One of the interesting things Kahn-Harris does is to kick away the liberal myth that if denialists would stop denying we would necessarily share a common moral view:

‘Denialism is not a barrier to acknowledging a common moral foundation; it is a barrier to acknowledging moral differences. An end to denialism is therefore a disturbing prospect, as it would involve these moral differences revealing themselves directly.’ Continue reading

Changing conversations: changing hearts and souls

What’s irritated me about the whole direction of politics in the last 30 years is that it’s always been towards the collectivist society. People have forgotten about the personal society. And they say: do I count, do I matter? To which the short answer is, yes. And therefore, it isn’t that I set out on economic policies; it’s that I set out really to change the approach, and changing the economics is the means of changing that approach. If you change the approach you really are after the heart and soul of the nation. Economics are the method; the object is to change the heart and soul.

Margaret Thatcher Sunday Times, 3 May 1981

I worked with a group of senior managers in a higher education establishment to help them think about their ways of working while they discussed strategy. A pattern emerged in discussion about current difficulties and in anticipation of future changes that drew on ideas of an education marketplace, and which drew forth economic language. Managers were concerned about ‘buy in’ to plans and strategies, they worried about brand, they were anxious about their students’ customer experience, they wondered how they would act if their institution were a supermarket, a supermarket like John Lewis for example. They were anxious about competitive threats from the Chinese, they wanted to make business cases for change, they were concerned about their products. Education needed to be as flexible as possible so that students could consume whatever, whenever they wanted. They were worried about student satisfaction. These notes of market vocabulary were the clearest melody, although there were also contrapuntal themes opposing them – some argued that being business-like isn’t the same as being a business. Continue reading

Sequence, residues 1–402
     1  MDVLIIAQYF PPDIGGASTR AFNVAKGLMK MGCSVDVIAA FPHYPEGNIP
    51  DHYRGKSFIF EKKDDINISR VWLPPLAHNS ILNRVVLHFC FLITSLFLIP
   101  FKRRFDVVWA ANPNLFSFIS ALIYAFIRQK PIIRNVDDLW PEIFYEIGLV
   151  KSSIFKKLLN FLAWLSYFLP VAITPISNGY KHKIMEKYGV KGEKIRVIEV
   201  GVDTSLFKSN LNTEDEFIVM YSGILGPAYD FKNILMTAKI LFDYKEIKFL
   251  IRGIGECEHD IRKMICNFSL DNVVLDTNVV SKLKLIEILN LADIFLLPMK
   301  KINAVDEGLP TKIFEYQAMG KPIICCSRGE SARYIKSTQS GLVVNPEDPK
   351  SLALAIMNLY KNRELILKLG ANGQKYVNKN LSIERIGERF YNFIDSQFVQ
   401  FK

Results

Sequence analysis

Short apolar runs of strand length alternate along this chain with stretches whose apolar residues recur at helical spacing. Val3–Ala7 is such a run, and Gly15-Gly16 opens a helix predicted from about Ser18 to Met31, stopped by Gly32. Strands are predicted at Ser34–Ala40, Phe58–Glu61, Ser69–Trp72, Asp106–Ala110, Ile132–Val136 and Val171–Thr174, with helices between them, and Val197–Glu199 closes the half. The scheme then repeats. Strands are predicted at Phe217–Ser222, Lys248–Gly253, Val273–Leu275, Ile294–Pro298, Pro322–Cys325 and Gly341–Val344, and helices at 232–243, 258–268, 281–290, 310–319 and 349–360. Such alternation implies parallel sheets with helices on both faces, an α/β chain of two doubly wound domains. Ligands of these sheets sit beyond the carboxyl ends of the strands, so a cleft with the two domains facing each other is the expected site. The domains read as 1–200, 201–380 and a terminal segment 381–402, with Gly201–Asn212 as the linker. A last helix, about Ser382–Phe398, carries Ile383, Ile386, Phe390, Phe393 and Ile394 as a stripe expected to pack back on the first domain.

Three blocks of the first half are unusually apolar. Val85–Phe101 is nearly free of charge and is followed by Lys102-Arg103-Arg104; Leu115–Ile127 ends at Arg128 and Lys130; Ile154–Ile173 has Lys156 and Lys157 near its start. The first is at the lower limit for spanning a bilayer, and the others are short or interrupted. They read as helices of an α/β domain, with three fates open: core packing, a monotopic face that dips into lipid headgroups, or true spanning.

From quantity to quality

I had been invited to work with a group identified as ‘talented potential leaders’ in a large public sector organisation in a European country. Workers in the organisation were highly likely to be users of the organisation’s services, a bit like workers in the NHS in the UK because of the size and scope of the organisation. To an extent, then, there is no inside and no outside, no clear-cut distinction between the employees and the ‘customer experience’: employees had very direct access to what it meant to use the organisation’s services, which were widely available.

My role was to encourage the ‘talent’ group to think about how they are thinking, to identify some of the organisational patterns they found themselves caught up in, and to think about how the organisation did strategy. To what extent were accepted ways of undertaking strategy in the organisation helpful? How did they square with their own experience of making plans and trying to implement them?

Continue reading